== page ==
There is a certain stereotype of the farmer that has been peddled during the ongoing farmers’ agitation. The stereotype has a positive side to it as well as a flip side. The positive side tries to assert their resilience, determination, patience, innocence, minimalism, self-respect and fortitude. All these are seemingly associated with the physicality of their profession. Due to the fact that they work in the fields and with their hands, it is philosophised that they absorb the very nature of earth. The flip side of this archetype is that they are not often given credit for logical thinking, flawless reasoning, innovation and ideas. In others words, the cerebral is not associated with them—they are all about brawn and being emotional.
The narrow characterisation of farmers pushes people to think that they cannot organise themselves; they are manipulated by activists with strident ideological positions; they are not fashionable, and they don’t clean their bodies with scented soap. In all, they are ragged, lost and eccentric. The perpetuation of these images and opinions is not just limited to farmers but also farmers’ leaders. They are presented as humbling, mumbling comic characters on their charpai thrones. This has been true of Charan Singh, Devi Lal, Deve Gowda and Mahendra Singh Tikait.
Let us look at Chaudhary Charan Singh, who is referred to as the ‘champion of peasants’. There is a picture of him in Tavleen Singh’s book ‘Durbar’, when as a young reporter, she goes to check out the ‘janata darshan’ of a man who was then the deputy prime minister. She contrasts his style with the clipped, bureaucratic manner of Prime Minister Morarji Desai’s engagement, and that of opposition leader Indira Gandhi who is employing touch and emotion to deal with people. As Charan Singh sat cross-legged on the charpai listening to the peasants who were sitting before him on their haunches, she wonders why the farmers are speaking of power connections, when they should be speaking about the abysmal condition of healthcare, basic hygiene and sanitation (of course, she honestly admits that she was new to journalism and didn’t understand the primary concern of farmers).
Later, when she goes into the bungalow to use the bathroom, she has a peek at Charan Singh’s bedroom with only a mattress on the floor, and a kind of “low wooden desk of the kind Indian accountants used in older times. It was here that he sat every morning to write his books on agriculture and the peasantry”. There are more details in the book, and it is by and large an assessment of a Lutyens native of a peasant leader.
Now, the dismissive mention of Charan Singh’s book writing should get us curious. He has written many, but I picked up a copy of his 1981 book, a 600-page tome titled ‘Economic Nightmare of India: Its Cause and Cure’, and started browsing through it, focusing especially on part one and part three that discuss the state of the union, static economic conditions of India, the capital starvation of agriculture, land reforms, decentralisation and of course, the exploitation of the farmer.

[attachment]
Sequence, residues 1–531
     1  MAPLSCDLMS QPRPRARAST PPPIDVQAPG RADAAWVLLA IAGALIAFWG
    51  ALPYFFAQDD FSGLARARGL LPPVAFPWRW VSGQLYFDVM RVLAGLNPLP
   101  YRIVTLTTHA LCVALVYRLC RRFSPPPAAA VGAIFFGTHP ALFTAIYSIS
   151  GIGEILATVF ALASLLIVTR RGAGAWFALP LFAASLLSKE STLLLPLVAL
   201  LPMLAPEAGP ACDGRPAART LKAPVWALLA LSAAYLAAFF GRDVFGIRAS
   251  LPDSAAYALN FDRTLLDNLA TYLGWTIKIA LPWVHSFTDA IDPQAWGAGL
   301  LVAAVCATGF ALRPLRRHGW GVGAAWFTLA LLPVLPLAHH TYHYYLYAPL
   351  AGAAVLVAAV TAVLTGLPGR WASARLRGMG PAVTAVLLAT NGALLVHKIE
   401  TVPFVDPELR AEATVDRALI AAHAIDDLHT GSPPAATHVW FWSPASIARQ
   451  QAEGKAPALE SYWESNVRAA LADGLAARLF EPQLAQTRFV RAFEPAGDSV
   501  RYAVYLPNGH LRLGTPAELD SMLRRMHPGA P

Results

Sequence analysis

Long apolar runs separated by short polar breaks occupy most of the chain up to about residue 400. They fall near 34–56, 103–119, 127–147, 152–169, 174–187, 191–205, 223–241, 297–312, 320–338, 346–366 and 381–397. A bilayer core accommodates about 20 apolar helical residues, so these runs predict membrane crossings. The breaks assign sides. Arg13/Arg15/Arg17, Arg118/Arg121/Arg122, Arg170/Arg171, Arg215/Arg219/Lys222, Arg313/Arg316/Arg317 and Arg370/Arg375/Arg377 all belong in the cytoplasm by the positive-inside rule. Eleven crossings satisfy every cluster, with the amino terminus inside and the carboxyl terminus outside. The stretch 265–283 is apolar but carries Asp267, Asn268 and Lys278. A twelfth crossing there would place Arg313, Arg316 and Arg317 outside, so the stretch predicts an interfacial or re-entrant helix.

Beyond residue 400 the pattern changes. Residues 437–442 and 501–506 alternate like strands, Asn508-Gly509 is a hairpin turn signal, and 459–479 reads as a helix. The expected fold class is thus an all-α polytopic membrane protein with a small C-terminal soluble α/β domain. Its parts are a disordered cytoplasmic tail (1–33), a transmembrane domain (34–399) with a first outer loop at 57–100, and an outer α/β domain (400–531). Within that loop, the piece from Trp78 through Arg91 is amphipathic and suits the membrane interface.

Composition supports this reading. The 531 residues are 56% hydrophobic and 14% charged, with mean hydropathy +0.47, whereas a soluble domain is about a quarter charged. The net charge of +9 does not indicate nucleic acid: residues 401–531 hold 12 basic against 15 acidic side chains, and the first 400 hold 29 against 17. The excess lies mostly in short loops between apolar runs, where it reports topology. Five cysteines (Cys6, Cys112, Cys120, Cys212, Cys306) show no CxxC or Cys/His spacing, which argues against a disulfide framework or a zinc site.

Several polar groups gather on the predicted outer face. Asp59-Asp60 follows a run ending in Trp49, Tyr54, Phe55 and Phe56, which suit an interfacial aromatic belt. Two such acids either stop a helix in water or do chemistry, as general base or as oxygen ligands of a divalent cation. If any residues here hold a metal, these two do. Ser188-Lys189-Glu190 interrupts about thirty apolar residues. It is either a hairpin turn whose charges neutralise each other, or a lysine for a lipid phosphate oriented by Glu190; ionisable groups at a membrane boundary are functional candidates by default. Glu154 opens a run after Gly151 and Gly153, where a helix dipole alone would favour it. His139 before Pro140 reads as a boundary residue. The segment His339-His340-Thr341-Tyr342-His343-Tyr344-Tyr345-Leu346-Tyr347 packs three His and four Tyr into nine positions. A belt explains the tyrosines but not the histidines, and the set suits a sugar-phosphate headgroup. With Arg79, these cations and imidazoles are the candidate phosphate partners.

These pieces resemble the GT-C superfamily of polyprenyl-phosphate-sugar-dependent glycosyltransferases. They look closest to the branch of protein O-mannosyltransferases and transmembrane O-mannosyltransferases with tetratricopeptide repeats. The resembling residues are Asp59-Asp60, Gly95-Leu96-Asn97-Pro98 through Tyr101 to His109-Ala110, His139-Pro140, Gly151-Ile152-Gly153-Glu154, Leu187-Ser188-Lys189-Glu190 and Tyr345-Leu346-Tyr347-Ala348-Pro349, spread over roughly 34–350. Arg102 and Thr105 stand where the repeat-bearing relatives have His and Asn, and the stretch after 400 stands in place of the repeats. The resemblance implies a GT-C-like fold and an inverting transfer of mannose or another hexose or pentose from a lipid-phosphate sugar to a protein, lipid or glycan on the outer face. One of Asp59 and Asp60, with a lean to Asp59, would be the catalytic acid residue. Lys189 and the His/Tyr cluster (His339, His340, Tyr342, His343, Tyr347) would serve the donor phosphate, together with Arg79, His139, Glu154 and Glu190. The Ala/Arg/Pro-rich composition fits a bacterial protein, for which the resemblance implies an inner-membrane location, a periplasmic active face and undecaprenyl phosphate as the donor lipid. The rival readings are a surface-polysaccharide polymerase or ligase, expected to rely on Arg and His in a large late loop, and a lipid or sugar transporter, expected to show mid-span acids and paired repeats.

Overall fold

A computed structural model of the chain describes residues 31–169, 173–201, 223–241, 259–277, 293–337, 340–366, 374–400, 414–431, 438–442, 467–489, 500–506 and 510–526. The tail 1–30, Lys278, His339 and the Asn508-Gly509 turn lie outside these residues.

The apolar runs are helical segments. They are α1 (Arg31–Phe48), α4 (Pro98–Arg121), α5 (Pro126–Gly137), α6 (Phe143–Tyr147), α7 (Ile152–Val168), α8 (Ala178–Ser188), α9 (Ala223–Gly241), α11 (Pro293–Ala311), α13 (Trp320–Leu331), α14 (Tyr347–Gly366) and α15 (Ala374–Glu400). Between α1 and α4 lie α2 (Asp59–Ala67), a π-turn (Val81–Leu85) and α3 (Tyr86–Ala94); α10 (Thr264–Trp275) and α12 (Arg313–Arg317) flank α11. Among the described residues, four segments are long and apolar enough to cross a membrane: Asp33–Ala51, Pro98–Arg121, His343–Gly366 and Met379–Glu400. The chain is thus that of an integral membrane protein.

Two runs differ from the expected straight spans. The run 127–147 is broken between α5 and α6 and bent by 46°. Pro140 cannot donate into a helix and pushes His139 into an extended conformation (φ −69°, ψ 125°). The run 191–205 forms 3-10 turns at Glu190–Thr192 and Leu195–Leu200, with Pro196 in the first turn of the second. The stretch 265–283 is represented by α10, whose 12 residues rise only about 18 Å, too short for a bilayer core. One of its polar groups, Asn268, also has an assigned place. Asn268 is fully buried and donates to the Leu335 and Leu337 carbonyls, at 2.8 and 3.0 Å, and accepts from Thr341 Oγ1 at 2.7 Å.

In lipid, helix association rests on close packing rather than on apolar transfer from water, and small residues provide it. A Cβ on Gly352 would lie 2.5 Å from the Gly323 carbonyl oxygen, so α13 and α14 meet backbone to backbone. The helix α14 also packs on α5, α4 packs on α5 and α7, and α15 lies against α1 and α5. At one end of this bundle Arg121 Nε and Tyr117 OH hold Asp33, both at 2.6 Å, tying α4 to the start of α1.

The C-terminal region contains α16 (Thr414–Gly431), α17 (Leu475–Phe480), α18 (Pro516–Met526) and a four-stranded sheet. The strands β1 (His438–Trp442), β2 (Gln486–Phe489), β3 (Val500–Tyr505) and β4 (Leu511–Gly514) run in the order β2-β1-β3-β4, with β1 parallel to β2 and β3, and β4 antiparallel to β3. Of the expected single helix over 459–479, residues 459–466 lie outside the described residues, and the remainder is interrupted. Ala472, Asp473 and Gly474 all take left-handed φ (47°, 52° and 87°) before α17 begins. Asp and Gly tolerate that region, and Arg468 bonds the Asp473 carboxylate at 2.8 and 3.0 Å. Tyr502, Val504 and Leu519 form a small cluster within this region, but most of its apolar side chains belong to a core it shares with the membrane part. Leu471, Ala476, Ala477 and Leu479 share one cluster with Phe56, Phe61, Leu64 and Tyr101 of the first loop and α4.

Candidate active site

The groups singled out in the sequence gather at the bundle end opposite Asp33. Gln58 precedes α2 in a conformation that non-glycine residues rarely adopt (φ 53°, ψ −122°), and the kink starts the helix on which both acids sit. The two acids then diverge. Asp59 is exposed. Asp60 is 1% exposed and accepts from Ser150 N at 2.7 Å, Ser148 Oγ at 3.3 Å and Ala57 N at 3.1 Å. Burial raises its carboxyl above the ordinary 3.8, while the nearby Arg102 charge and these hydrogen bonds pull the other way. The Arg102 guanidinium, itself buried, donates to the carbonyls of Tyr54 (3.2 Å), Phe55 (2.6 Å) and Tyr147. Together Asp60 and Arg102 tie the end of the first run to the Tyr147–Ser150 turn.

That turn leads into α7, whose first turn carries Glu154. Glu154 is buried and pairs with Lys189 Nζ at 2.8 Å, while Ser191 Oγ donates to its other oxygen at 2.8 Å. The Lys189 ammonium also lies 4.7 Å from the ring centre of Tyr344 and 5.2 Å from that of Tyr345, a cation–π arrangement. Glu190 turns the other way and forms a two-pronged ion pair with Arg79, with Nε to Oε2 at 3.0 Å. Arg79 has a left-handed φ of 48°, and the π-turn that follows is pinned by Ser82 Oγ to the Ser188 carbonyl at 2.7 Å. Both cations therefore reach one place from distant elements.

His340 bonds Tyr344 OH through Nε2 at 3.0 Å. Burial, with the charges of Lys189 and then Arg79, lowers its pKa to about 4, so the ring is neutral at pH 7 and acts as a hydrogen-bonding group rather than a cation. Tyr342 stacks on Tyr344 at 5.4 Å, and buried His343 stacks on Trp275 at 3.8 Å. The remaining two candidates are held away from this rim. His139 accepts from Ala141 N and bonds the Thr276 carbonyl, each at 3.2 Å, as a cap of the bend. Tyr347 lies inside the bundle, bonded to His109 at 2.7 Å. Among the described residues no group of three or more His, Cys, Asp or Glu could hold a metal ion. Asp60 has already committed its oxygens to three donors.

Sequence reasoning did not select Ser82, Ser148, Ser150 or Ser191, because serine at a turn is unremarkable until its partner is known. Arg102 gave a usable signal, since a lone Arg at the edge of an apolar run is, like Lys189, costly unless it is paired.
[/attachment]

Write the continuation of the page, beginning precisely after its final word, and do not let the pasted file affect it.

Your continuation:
Part two of the book deals with industry, mixed economy, labour policy, unemployment and foreign loans. The entire book is an elaborate critique of the Nehruvian as well as the Marxist economic model, while offering a critical appreciation of the Gandhian method: “I have not attempted to project the Gandhian alternative for the solution of India’s economic problems in any contentious spirit of polemics. I have no desire to run down what has been achieved in India. All I mean to say, and emphatically, is that Gandhi and Nehru cannot be hyphenated—whether in academic debate or in real life,” he writes. At another place, he says: “Nehru’s Tryst with Destiny, however, has turned out to be a date with despair.”
One may agree or disagree with this book, and books are not about canonical endorsements, but it is the thoroughness of the experience, the unique reading of history and the passionate force of argument. That is not to say this book is a harangue. It is filled with hundreds of statistical charts (data from across the globe fill up each page), surveys of existing literature on economics and agriculture, recall of forgotten reports, besides postulation of big, bold ideas—an undoubted mark of abiding scholarship and informed leadership.
Charan Singh quotes a 1926 report by a ‘Businessmen’s Commission of Agriculture’ appointed by the US Chamber of Commerce, which says: “Agriculture is not merely a way of making money by raising crops; it is not merely an industry or a business; it is essentially a public function or service performed by private individuals for the care and use of the land in the national interest; and farmers in the course of their pursuit of a living and a private profit are the custodians of the basis of the national life. Agriculture is, therefore, affected with a clear and unquestionable public interest, and its status is a matter of national concern calling for deliberate and farsighted national policies, not only to conserve the natural and human resources involved in it, but to provide for national security, promote a well-rounded prosperity and secure social and political stability.” He agrees with this view, and it is interesting and instructive to view the ongoing protests in the backdrop of this definition. Outside of this book, it is nearly forgotten that it was Charan Singh who drafted the Uttar Pradesh land reforms legislation in the early 1950s, and the Agriculture Produce Market Bill in 1938. Therefore, the farmers who made him their leader perhaps know what they are talking about.
Sugata Srinivasaraju (email@example.com)
Senior journalist and author